January 25, 2000

William Shatner comes to speak at the University of Alabama.

Admission: Free for students, $5.00 for anyone else.

I barely got there in time, I stood against the wall drinking a Frappuccino.

Shatner's main points were

When someone does something so bad for so long, they actually can get better at it. I am (God, I hate to admit this) now un-muting the TV when I see one of these PriceLine commercials come on.

What was once too horrible to witness has now actually become interesting. Shatner obviously not only has no shame, but he must have a sense of humor. I realize that I'm out on a very small limb here, but I'm laughing my ass off at . . . / . . . with this guy as he rakes in gazillions in stock options from this dot.com enterprise of his.

When he looks right in the camera and ends the most recent ad with, "Dog?!" I'm in tears. How can something so wrong be so right?

For all the opprobrium heaped upon him, William Shatner was not always a bad actor, though he has become a cliché. (The price of greatness, or at least fame.)

His training at the National Theatre School of Canada in Montreal gave him a strong start. After he honed his talent at CBLT, the CBC station in Toronto--where many Canadians have been before their fame down south.

He went on to great guest work in such television series as Rod Serling's Twilight Zone: He was in the famous, black and white, episode of the monster on the plane wing--now re-done in color with John Lithgow in the Shatner role.

William Shatner is not the first Canadian to take on the role of American, so well, and so woodenly, that we think him a ham. Nor is he the last.

In fairness to Bill, as an actor he's had to work with a lot of bad material. Star Trek II: The Wrath of Khan showed me a side of Shatner that I did not think existed. It was a strong script, with the serious human issues of aging and death underpining the strong action plot.

Bill showed a real empathy for Kirk's aging, for his feeling that time had passed him by. Maybe Bill felt it too, but regardless it was one of the few times I really *believed* in Kirk as a character. He was real, he was three dimensional. It's the only Star Trek movie I'll watch over again (except for Star Trek IV: The Voyage Home, which is really a movie that happens to have Star Trek characters in it, more than a "Star Trek movie" per se. )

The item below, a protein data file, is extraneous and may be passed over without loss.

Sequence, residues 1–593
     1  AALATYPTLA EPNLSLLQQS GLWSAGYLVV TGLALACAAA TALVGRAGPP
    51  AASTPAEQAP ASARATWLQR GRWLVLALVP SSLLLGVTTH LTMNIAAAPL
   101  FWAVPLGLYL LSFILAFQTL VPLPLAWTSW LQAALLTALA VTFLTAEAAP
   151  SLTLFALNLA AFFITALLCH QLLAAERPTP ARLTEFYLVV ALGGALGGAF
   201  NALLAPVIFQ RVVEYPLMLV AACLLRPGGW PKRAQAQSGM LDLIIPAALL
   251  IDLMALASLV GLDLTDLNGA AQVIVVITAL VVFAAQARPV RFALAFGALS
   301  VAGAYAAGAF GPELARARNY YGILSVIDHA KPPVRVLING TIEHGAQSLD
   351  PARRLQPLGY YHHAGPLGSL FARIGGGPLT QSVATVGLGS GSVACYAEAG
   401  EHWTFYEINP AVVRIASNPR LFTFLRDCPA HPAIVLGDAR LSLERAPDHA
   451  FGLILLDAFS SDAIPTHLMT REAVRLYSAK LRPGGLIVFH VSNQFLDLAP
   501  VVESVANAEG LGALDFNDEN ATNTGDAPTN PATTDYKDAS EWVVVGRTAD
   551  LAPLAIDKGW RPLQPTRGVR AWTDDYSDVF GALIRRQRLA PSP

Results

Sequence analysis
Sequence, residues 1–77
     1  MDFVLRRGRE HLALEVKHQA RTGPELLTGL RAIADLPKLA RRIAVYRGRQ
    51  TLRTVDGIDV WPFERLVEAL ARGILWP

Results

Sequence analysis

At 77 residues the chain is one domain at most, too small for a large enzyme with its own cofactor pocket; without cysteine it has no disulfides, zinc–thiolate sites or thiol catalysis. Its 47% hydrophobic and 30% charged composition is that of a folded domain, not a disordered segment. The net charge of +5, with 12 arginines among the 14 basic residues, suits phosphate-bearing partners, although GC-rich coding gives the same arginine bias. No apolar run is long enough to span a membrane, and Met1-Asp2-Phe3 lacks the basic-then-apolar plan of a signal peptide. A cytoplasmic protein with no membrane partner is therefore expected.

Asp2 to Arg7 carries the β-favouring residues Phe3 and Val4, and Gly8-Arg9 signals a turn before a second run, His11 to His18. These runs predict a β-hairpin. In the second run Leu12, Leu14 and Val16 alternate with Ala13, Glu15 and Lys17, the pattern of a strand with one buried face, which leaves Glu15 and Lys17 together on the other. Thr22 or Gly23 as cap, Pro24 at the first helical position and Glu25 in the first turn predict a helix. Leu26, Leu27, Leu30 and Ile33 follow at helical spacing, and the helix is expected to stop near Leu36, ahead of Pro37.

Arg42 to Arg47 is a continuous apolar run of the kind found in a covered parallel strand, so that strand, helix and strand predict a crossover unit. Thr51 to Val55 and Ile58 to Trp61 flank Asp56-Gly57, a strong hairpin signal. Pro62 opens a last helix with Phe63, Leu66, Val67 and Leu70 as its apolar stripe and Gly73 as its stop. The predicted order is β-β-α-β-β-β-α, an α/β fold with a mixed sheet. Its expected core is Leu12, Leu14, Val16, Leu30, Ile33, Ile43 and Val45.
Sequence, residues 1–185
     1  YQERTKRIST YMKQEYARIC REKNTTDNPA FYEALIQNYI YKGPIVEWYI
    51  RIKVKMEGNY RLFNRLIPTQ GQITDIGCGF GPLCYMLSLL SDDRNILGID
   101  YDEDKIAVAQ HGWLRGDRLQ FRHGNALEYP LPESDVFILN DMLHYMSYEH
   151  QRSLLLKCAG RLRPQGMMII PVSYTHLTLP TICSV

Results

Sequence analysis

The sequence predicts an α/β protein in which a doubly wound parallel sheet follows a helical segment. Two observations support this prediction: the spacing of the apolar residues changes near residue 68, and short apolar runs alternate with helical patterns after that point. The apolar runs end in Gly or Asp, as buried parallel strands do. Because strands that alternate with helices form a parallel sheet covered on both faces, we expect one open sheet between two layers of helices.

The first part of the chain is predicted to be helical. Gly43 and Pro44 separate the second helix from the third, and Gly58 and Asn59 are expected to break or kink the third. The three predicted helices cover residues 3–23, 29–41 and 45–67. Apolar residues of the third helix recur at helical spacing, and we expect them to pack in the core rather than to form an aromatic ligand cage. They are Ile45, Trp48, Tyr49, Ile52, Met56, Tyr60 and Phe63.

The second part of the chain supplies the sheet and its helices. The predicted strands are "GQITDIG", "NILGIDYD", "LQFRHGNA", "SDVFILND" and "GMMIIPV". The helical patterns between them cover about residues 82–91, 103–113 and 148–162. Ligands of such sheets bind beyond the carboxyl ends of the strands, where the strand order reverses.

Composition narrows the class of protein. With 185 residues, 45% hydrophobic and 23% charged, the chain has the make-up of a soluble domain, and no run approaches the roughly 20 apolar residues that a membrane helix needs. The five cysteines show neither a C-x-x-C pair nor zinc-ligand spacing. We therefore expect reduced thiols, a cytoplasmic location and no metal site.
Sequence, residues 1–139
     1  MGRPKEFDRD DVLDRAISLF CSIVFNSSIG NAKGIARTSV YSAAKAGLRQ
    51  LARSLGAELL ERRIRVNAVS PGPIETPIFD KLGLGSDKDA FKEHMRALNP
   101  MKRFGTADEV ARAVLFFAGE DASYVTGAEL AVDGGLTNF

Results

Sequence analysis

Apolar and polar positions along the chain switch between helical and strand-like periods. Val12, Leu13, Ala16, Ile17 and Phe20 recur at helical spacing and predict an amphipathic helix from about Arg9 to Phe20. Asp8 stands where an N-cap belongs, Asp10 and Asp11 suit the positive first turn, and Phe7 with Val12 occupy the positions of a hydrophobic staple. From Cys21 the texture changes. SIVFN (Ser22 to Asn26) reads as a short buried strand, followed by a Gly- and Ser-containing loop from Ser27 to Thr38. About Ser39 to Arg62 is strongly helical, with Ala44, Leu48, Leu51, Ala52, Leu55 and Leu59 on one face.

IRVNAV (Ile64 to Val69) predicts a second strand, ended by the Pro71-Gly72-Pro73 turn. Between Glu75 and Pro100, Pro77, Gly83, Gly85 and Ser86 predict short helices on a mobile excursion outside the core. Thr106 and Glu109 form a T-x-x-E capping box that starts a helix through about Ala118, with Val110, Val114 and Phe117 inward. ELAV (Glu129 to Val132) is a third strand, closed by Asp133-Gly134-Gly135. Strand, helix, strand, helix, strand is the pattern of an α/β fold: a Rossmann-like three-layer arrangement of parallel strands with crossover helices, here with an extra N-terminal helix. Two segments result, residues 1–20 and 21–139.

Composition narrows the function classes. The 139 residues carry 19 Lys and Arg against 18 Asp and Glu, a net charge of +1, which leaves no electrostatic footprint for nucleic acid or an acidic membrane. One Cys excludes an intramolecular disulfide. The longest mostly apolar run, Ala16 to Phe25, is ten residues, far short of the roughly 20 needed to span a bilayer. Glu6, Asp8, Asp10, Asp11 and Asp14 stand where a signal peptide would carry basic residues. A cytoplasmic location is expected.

None of which forgives the awful Star Trek V ... but given decent material to work with, I do think Bill can, or at least could, act.

Also, the brief "Nightmare at 20,000 feet" homage with John Lithgow when Bill first appeared on 3rd Rock from the Sun made me laugh - credits to the writers more than Bill, nonetheless a great moment.

Incidentally, this reminds me of another Star Trek actor, Jonathan Frakes - with a good script, he can be quite good, as several Riker-focussed TNG episodes attest - but with a bad script, he's horrible.

Shatner also released an album of cover versions such as the Beatles' Lucy in the Sky with Diamonds in Kirk-like soliloquy style. The album is called The Transformed Man and is truly awful.

Track list (from CDDB)

King Henry The Fifth 
Elegy For The Brave 
Theme From Cyrano 
Mr. Tambourine Man 
Hamlet 
It Was A Very Good Year 
Romeo And Juliet 
How Insensitive (Insensatez) 
Spleen 
Lucy In The Sky With Diamonds 
The Transformed Man 

Bill Shatner was born March 22, 1931, in Montreal, Quebec.

His first break was actually in The Brothers Karamazov in 1958, a testament to his acting ability. Star Trek is where he gained fame and recognition (aside from an episode or two of The Outer Limits and The Twilight Zone). When Star Trek was cancelled in 1969, Shatner did little, aside from projects related to Star Trek. In 1973, he provided voice in Star Trek: The Animated Series. He acted in a series called The Barbary Coast, only to move back to Trek again in 1979, with Star Trek: The Motion Picture. After ST: TMP, Shatner became famous again for a rather impressive stint on T.J. Hooker, during which time the Star Trek movies were achieving great success as well. He's been seen on film less and less over the years; after Star Trek: Generations, there was nothing but bit parts. It's unclear at this point if this is because this is the way Bill Shatner wants it, or if it's typecasting.